The Rev. William Mahoney, left, spearheaded the agreement between St....

The Rev. William Mahoney, left, spearheaded the agreement between St. Patrick's Episcopal Church and the Islamic Center of Deer Park. Muhammad Wasis Aziz belongs to the Muslim community. Credit: Episcopal Diocese of Long Island

The Muslims needed a place to pray until the dental office that they had bought in Deer Park was renovated.

No one, it seemed, wanted to rent to them, leaders of the group said. Then, after a year of searching for a temporary home, they found an Episcopal church not far from the dental office that was willing to let them use the basement once a week. The room was big and open, ideal for them to lay down their prayer rugs.

What came to pass in 2013 was much more than a lease agreement between a tenant and a landlord. Over the past half-dozen years, a deep friendship has blossomed between the Islamic Center of Deer Park and St. Patrick’s Episocpal Church.

“How they arrived at our rectory door, I don’t know, but I like to think it was the hand of God that brought us together,” the Rev. William Mahoney, who spearheaded the agreement, said in a 2017 video produced by the Episcopal Diocese of Long Island.

When St. Patrick’s opened its doors, the Muslim congregation was beyond touched, said Hesham Khafaga, one of the center’s leaders.

“The tears came out of our eyes,” Khafaga said. “It was a very emotional situation. It’s a wonderful feeling. You feel God is paving the road for you.”

Since then, the two communities have come together for picnics and luncheons and to celebrate the end of the Muslim holy month of Ramadan with a feast in the basement.

When Mahoney was hospitalized in 2016, the center’s members visited him in the hospital, said Valerie Mahoney, his wife. The pastor retired a year ago, and the couple now are in Iowa.

“My husband would call me up at night and say, ‘I woke up and the Muslims were praying at my bedside,’” said Valerie Mahoney, who added that her husband is ill again and couldn’t comment.

For Bishop Lawrence Provenzano, who leads the Episcopal Diocese of Long Island, the cooperation between the Islamic Center and St. Patrick’s is a model for interfaith understanding.

“I think it is a great relationship,” the bishop said. “I really think if people of faith could spend more time together, breaking down barriers, the world would be a better place.”

The Muslims moved into their new home last fall, but the friendship with the Christian congregation carries on. The center and St. Patrick’s, for example, use the other’s parking lot for overflow parking on their main days of worship — Friday for the Muslims, Sunday for the Christians.

In the video, Mahoney said he became so friendly with the Muslims that he would join them at times for their prayer services.

Valerie Mahoney and other women at St. Patrick’s started teaching the Muslim women how to assimilate without losing their religious values and practices, she said.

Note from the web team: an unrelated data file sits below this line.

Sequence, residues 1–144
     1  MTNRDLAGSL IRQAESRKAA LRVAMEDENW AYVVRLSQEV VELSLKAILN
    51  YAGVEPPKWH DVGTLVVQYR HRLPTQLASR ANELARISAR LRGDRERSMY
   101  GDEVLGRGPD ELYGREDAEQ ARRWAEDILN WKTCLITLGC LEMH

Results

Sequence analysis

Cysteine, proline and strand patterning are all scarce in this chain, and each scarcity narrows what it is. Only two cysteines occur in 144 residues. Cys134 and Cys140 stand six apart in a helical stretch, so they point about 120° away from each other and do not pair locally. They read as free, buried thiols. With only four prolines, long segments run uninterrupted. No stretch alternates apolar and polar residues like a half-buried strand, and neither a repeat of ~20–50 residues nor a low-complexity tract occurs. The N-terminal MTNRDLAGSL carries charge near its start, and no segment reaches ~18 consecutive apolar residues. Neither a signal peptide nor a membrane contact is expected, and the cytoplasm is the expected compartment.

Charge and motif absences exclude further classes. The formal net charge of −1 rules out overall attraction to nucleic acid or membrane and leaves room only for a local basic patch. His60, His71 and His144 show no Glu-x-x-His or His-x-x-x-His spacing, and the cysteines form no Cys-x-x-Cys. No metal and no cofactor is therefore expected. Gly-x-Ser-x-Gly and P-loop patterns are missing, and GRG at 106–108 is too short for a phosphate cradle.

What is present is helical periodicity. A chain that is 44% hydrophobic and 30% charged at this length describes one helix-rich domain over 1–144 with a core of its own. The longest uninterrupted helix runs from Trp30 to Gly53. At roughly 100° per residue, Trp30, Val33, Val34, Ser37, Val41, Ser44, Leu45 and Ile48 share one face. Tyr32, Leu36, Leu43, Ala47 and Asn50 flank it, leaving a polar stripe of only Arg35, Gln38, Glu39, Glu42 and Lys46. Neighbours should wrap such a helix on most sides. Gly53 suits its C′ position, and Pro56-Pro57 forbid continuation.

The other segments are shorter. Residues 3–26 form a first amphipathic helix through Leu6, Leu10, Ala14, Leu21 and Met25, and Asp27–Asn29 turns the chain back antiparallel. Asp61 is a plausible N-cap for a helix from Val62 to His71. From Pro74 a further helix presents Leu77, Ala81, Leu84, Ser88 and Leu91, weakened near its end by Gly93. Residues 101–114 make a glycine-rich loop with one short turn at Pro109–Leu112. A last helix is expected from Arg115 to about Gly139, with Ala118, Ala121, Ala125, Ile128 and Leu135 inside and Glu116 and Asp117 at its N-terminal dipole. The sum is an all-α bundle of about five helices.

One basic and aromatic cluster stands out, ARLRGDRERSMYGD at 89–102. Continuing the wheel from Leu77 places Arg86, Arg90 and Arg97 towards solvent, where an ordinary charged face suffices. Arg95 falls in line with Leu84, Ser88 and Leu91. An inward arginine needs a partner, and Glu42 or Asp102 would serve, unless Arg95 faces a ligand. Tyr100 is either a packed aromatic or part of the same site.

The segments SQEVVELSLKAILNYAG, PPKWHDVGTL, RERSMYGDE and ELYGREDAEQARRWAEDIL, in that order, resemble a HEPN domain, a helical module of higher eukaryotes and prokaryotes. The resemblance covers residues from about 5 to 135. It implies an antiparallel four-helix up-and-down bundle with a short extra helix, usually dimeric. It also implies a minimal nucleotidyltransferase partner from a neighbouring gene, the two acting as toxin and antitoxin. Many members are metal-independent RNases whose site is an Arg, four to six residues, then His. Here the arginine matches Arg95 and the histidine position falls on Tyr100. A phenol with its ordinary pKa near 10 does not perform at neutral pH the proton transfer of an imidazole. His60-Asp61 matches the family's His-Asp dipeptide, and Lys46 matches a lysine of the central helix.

The women from the Islamic Center were encouraged “to go out and be proud of themselves and not to worry that they had headscarves or hijabs or anything,” Valerie Mahoney said. “I wanted them to understand that as a woman they should be proud.”

The interfaith experiment was not universally applauded.

There were times when some neighbors screamed profanities at the Muslims as they were leaving the church, the pastor said in the video. And one person accused Mahoney over the phone of “turning the church into a mosque,” he recalled.

The Muslims didn’t give in to the taunts, Mahoney said.

“Even with the best of resolve, how long can you hear people hurling abuse at you and not have a negative feeling?” he said. “But they’ve never been negative and they sustain themselves.”

Valerie Mahoney came up with the idea of a luncheon so the Muslims and the Christians could get to know each other better, he said.

That gesture of friendship led to the Muslims and the Christians building individual bonds; they visited one another’s homes and shared meals, Valerie Mahoney said.

The renovation of the dental office wasn’t a simple undertaking.

The center’s roughly 250 members raised about $1.5 million to convert the building into a three-story mosque, the newest of more than two dozen that serve Long Island’s approximately 80,000 Muslims, said Khafaga and Dr. Abdul Malik, another leader of the Islamic Center.

The Muslims want the mosque to be a place for everyone of all faiths to feel welcome.

“We want to be part of the community,” Malik said. “Even if they are not Muslim it doesn’t mean it [the mosque] is not for them. They are very welcome to use our facility.”

“This interfaith dialogue — it is really important for us moving forward as a country,” he said. “A lot of us are basically the same.”

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